Bushido is a centuries-old philosophy comprised of seven principles: Gi (justice and morality), Rei (polite courtesy), Yu (heroic courage), Meiyo (honor), Jin (compassion), Makoto (complete sincerity) and Chu (duty and loyalty). "They're values that are actually very applicable today, and a good thing to aspire to," Cruise muses. "When you talk about loyalty, you talk about honor, you talk about compassion--those things are very near and dear to me, and important in my life. And I think it transcends that time period in history."
But the ethos is not necessarily always as benevolent as it sounds, Cruise adds. "[Traditionally,] the violation of [bushido] was sepuku: immediate disembowelment. It's a bit extreme. That's when you've got to go, 'Okay, how about being able to make up the damage.'"
Aside from the risk of evisceration, bushido is an admirable set of precepts Cruise has fully embraced in his own life, quoting chapter and verse, literally and figuratively: He entwines his explanation of the concept with passages from his copy of a handbook on the subject. "'It's through intense training that samurai become quick and strong, and he's not as other men. He develops a power that must be used for the good of all. So he has compassion. He helps his fellow men at every opportunity. And if an opportunity does not arise, he goes out of his way to find one,'" he recites, then transitions to another favorite excerpt, this one about the tenet Yu--heroic courage. "'You rise above the masses of people who are afraid to act: Hiding like a turtle in a shell is not living at all. The samurai must have heroic courage. It is absolutely risky, it is dangerous, it is living life completely, fully, wonderfully. Heroic courage is not blind; it is intelligent and strong." Cruise stops reading and reflects. "It's just all these things that you [contemplate] and go, 'Ah, these are wonderful ways to live a life.'"
Cruise's character, Captain Algren, eventually experiences a similar revelation. "He [comes to] recognize the beauty of the samurai," says Cruise. "You see that spiritual transition." It was that arc that appealed to Cruise when helmer/scripter Edward Zwick ("The Siege") presented the idea to him--that, and Zwick's infectious enthusiasm. "Ed brought it to me and he was dancing around my house," Cruise recalls with a laugh. "He was so engaging. I looked at him and I said, 'You're acting like you're 16 years old!' It was just contagious, his excitement. And the story--it is a personal journey, [the sort of theme] I always look for, that I connect with when I read a script, when I see a movie. So we got together and we just started working it out, working it out, working it out. We spent months and months and months and months prepping for this."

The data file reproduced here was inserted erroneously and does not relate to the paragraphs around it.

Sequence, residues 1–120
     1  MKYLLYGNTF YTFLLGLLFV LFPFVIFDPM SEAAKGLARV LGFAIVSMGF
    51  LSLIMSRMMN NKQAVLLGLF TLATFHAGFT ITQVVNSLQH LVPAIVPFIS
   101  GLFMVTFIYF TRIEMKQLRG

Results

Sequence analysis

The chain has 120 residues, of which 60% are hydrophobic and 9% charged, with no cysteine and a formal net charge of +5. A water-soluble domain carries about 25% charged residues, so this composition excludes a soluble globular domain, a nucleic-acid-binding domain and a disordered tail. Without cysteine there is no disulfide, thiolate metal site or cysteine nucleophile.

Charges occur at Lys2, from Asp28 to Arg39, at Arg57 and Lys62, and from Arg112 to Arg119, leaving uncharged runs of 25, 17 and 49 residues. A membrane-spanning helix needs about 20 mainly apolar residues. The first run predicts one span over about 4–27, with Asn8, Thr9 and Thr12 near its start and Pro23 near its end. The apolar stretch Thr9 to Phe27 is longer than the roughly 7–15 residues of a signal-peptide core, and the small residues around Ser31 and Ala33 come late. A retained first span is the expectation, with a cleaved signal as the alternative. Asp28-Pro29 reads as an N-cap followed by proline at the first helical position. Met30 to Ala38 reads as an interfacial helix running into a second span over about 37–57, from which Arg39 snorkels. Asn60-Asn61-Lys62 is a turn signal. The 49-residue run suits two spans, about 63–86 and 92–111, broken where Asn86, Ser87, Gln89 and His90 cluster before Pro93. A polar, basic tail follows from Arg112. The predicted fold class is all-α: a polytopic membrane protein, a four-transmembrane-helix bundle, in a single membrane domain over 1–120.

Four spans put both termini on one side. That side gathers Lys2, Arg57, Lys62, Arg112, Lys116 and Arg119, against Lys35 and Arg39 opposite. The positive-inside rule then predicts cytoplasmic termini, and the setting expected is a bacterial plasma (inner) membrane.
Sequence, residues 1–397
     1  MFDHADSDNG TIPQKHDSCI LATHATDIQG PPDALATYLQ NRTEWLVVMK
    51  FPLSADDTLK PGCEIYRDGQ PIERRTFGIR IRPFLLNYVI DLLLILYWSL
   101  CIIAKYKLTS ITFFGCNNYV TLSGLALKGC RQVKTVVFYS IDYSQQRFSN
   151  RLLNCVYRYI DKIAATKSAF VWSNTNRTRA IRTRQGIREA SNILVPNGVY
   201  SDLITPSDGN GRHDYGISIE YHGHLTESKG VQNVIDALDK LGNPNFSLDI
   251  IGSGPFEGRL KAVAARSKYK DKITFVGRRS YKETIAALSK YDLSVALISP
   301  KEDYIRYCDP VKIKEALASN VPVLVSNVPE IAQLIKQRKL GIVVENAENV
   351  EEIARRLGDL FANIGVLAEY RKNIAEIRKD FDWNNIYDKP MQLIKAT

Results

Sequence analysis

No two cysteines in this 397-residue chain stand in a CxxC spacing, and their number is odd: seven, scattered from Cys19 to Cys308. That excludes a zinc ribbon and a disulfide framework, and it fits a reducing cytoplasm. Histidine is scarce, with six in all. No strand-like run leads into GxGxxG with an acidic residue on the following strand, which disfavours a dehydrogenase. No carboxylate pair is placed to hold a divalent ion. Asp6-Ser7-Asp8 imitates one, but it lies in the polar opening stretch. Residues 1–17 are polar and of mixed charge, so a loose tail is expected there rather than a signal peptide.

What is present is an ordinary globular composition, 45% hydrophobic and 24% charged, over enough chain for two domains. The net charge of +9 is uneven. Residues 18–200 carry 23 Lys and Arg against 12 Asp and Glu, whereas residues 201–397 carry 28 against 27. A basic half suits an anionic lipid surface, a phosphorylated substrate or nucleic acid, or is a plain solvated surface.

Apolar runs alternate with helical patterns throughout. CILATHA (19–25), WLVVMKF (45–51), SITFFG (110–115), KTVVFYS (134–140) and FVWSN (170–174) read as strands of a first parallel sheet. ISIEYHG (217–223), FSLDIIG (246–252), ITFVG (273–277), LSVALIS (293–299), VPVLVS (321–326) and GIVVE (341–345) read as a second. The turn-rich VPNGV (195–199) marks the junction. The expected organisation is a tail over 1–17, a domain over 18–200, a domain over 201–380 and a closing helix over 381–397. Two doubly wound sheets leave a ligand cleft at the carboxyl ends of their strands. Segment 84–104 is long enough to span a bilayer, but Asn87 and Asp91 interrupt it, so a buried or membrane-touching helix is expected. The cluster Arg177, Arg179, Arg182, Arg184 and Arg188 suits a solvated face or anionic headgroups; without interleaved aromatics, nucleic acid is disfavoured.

While "The Last Samurai" is based on actual events, they are more of a narrative propellant than true-to-textbook. "This is not an historical drama," Cruise explains. "We use historical referencing in the same way as 'The Three Musketeers.' It's an adventure, and it's a romantic picture, in the classical and best sense of the word. We took movements that occurred at that time period in history, but it's not, 'On this date, this happened.'"
Advance buzz based on the plot synopsis and the trailer has deemed "The Last Samurai" a hybrid of "Shogun" and "Dances With Wolves." Certainly worthy comparisons, but Cruise politely eschews such pitch-meeting distillations. "Well, I think that...okay, listen, I love 'Dances With Wolves.' And I'm not good at comparing. It is what it is, you know what I mean?" he laughs. "['The Last Samurai'] definitely takes you into another world, and a world that is represented, I feel, accurately. We've already shown it to the [film's] Japanese actors and, for them, it had to represent that [culture and time] properly and well. We took a lot of pains to ensure that as best we could. But, above that, there is the storytelling. It is adventurous. It's compelling. So I think it's a unique film in that regard."
Months before the film's release, the Internet was awash with raves about the authenticity of the costumes and weapons. "There was a tremendous amount of detail at every step, with the sets, the costumes, the weapons," Cruise says. "We were even training horses six to nine months beforehand." Cruise himself worked with stunt coordinator Nick Powell for eight months to get in shape for the fight scenes. "There's a sequence in the movie where there are a lot of moves, and we shot it from the first move all the way to the end. And he built me up to a point where I could do that. And when you're talking about five swords swinging at full force, very close to the face and sometimes hitting the body--people won't really realize how significant that is. They'll take your finger off. They'll take your nose off. They'll take your hand off," he laughs, his joviality presumably indicating that nothing of the sort actually happened.